The kids who survived the Parkland shooting bring a firsthand authority to the gun debate that adults can't match.
"These students have great moral credibility because they speak as people directly affected by this issue," Constanza-Chock says. "It's going to be very hard for an NRA spokesman to dismiss the voice of the students."
The NRA is formidable because of the money it can raise but also because of the passion it can summon in its followers, says Kathleen Marchetti, an assistant professor of political science at Dickinson College in Pennsylvania.
Before Parkland, most gun control advocates couldn't compete with the passion of many NRA members. After each mass shooting, people would demand more gun control. But that activism would wane as time went on and media attention drifted elsewhere. Yet NRA members never tired of reminding lawmakers they'd be voted out of office if they supported gun control..
Youth, though, are equipped to match the stamina and passion of the NRA, some say, because they have one luxury many adults lack: time.
"Young people can have an advantage over someone working full time because they have time to mobilize and to engage in sustained mobilization," Marchetti says.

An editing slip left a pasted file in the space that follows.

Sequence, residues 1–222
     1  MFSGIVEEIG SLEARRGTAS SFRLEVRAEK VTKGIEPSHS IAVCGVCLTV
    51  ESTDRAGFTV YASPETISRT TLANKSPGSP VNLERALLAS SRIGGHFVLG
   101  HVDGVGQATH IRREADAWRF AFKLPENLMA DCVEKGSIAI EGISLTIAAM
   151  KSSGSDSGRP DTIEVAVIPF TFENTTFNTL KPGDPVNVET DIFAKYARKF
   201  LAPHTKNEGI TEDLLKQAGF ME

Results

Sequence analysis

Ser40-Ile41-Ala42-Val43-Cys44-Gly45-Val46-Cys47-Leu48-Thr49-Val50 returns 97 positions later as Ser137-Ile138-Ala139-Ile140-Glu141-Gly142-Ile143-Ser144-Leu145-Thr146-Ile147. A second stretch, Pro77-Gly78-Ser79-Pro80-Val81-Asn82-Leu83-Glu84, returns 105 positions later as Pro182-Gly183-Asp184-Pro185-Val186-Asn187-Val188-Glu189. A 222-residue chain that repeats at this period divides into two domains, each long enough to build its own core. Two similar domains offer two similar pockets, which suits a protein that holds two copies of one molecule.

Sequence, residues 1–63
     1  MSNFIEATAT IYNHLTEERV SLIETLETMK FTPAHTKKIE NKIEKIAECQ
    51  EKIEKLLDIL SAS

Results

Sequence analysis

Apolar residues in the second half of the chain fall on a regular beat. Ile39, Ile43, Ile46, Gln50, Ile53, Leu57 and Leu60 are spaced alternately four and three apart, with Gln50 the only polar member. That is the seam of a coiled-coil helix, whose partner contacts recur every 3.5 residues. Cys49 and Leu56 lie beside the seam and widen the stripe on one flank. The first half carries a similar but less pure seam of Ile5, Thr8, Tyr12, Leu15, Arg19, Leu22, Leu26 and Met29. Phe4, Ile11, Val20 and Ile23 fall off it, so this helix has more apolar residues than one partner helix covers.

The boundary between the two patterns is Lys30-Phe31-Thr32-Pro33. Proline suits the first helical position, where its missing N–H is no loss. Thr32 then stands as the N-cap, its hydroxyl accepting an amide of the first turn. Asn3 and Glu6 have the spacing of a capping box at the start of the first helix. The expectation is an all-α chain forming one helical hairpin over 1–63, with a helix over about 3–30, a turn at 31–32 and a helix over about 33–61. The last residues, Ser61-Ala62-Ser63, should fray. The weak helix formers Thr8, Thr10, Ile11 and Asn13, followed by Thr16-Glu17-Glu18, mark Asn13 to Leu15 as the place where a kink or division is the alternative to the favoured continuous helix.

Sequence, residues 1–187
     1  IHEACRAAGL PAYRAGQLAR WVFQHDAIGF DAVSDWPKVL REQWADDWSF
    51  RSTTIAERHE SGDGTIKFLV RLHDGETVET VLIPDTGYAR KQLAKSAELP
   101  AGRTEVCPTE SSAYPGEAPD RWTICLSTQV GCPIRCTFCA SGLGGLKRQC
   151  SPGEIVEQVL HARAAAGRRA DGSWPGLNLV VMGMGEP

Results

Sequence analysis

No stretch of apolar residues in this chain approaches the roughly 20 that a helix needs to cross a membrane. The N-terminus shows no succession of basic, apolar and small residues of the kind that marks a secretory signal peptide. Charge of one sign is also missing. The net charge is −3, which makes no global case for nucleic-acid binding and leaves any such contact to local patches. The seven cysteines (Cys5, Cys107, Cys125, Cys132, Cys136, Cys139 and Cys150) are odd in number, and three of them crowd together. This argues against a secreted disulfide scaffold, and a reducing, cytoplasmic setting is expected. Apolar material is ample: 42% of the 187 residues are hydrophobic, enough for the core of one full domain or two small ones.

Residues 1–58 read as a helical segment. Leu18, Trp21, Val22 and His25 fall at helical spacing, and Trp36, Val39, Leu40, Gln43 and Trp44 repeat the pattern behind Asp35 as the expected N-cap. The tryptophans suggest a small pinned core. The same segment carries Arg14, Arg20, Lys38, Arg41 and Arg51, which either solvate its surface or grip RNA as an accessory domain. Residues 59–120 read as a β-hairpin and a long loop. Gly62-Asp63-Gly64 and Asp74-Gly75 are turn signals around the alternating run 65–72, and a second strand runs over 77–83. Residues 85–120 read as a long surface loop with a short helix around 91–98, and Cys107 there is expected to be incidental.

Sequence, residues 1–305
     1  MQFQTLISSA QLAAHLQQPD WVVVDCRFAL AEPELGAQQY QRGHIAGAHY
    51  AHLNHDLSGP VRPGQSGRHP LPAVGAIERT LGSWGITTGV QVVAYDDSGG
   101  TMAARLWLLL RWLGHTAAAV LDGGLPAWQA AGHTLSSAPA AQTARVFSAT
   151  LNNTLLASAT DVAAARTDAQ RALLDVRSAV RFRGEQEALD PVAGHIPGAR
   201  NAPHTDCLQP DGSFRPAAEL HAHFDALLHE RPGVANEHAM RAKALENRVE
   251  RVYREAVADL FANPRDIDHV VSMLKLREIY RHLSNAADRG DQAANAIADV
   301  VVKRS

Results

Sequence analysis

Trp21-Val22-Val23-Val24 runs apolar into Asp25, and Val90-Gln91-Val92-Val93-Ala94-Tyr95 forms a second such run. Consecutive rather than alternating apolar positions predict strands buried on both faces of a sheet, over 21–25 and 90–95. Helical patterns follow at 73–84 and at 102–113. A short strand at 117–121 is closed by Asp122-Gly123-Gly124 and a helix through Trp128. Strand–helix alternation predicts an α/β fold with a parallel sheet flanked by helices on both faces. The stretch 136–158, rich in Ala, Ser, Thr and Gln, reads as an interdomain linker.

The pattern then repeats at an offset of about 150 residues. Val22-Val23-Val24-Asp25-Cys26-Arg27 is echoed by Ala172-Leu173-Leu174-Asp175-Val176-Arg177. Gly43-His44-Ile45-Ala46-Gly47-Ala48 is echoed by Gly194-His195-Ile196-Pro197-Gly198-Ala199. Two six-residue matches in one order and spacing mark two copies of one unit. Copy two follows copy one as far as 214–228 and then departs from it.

That time can be spent on everything from developing strategies and pressuring lawmakers to registering voters and raising awareness, she says.
"The bulk of the power in the NRA does not rest only in their donations but with their ability to mobilize large groups of single-issue voters," she says. "Money is not typically the deciding factor in changing policy. What's really going to matter is being able to sustain that activism and keep the pressure up."
Charger, the youth activist, says movements are ultimately powered by passion, and passion is forged though shared suffering. She says she feels a kinship with the Parkland students because she knows what it's like to go against people with guns. That's what her group faced when it participated in protests at Standing Rock, where armed police also deployed tear gas and water hoses against protesters.
"Nothing is too big and powerful -- everything man-made breaks, including our laws and the government," she says. "Everything has a soft part that can be taken down. Nothing is too strong to overcome as long as you have solidarity with everybody around you."